The archaeological digs at the new high-rise Arthur Phillip High School, Parramatta, for the Department of Education, wrapped up last week.
In the dirt since March, GML’s team of archaeologists uncovered the Parramatta Sand Sheet, early nineteenth-century town allotments and residences, and the Parramatta Convict Barracks dating from 1820.
Aboriginal occupation was evidenced by several artefacts including a stone blade potentially dating back some 35,000 years, and a hearth feature (undated).
Other finds include the structural remains of the convict barracks and lumber yard, sawpit, drains, wells, cottages and an infectious diseases hospital from the 1820s–1930s. The site served as a military hospital in the 1830s and 1840s, and as a destitute asylum from the 1880s, retaining associations with government authorities through to the 1930s when it was cleared to become sports fields for the high school opposite.
Gaming tokens, rusted blacksmith tools, bottles, buttons, belt buckles, inscribed clay pipes and an all-purpose ointment jar promising to cure ‘eruptions, sore heads, inflamed eyelids, blight, ulcerated legs, tender nipples [and] bad breasts’ have been unearthed. Most of the artefacts date from the infectious diseases hospital and asylum phases.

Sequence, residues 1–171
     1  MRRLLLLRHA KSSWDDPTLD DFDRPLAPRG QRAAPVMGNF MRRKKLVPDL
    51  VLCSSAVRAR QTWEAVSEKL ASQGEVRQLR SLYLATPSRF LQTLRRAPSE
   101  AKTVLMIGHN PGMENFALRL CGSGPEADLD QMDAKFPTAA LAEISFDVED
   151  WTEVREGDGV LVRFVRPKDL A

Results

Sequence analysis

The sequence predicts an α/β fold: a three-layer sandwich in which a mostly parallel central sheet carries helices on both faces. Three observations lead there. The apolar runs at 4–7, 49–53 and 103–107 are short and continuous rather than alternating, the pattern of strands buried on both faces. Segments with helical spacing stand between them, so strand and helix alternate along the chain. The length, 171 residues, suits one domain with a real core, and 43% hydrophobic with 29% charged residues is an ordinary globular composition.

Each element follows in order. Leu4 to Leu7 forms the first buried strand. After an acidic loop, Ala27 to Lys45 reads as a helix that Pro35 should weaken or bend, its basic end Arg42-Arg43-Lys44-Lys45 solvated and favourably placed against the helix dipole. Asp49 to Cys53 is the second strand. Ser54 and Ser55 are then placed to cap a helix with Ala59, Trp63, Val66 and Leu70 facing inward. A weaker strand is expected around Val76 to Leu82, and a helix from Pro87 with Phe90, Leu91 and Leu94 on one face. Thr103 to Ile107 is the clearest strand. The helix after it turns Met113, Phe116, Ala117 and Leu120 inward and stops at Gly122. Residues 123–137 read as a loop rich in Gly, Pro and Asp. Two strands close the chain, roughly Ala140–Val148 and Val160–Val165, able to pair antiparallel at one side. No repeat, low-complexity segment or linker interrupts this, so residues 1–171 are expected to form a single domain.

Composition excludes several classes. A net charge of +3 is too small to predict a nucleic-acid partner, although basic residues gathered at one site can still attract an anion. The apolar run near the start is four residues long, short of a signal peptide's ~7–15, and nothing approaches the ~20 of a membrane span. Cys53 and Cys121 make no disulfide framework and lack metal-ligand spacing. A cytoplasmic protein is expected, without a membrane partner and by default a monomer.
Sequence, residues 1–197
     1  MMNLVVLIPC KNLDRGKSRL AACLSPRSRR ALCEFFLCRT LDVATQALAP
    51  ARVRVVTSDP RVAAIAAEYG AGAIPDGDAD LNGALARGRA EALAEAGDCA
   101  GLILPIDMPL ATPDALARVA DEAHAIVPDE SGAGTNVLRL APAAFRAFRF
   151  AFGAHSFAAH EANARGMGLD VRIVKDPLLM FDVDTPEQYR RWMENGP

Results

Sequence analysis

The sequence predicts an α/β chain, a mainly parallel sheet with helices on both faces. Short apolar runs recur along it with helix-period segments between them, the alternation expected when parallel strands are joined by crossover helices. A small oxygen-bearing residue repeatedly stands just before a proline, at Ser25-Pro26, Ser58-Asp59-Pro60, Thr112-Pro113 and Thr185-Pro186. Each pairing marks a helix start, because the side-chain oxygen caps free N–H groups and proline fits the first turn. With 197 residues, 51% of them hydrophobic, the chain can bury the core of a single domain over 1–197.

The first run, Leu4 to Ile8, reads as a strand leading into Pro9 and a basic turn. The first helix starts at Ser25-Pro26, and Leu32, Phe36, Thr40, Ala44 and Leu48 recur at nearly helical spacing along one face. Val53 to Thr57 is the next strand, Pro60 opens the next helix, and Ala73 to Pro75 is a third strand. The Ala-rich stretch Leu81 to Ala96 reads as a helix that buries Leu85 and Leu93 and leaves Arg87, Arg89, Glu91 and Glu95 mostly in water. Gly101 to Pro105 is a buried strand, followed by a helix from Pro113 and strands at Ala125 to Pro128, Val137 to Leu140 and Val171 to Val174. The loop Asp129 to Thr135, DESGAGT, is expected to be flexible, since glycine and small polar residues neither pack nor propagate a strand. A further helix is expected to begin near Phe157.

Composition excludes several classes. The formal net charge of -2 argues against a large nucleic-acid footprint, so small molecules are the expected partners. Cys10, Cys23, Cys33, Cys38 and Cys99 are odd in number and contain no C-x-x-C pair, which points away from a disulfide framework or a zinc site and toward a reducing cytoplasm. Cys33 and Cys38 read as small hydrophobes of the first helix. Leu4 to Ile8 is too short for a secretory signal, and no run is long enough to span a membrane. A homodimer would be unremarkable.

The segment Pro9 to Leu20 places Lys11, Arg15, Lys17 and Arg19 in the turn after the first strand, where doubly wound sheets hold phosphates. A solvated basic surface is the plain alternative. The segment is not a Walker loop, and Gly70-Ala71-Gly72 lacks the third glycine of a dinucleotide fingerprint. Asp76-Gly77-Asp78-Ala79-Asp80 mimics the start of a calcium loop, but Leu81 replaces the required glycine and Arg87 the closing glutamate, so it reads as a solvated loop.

Perhaps the most unusual find was the convict sawpit. At over 45 metres long, it’s the largest known example of its type in Australia.
A news crew from Channel 9 news recently filmed NSW Education Minister Rob Stokes touring the site with GML’s Abi Cryerhall (Excavation Director) and Tim Owen (Secondary Excavation Director).
See the story in pictures below.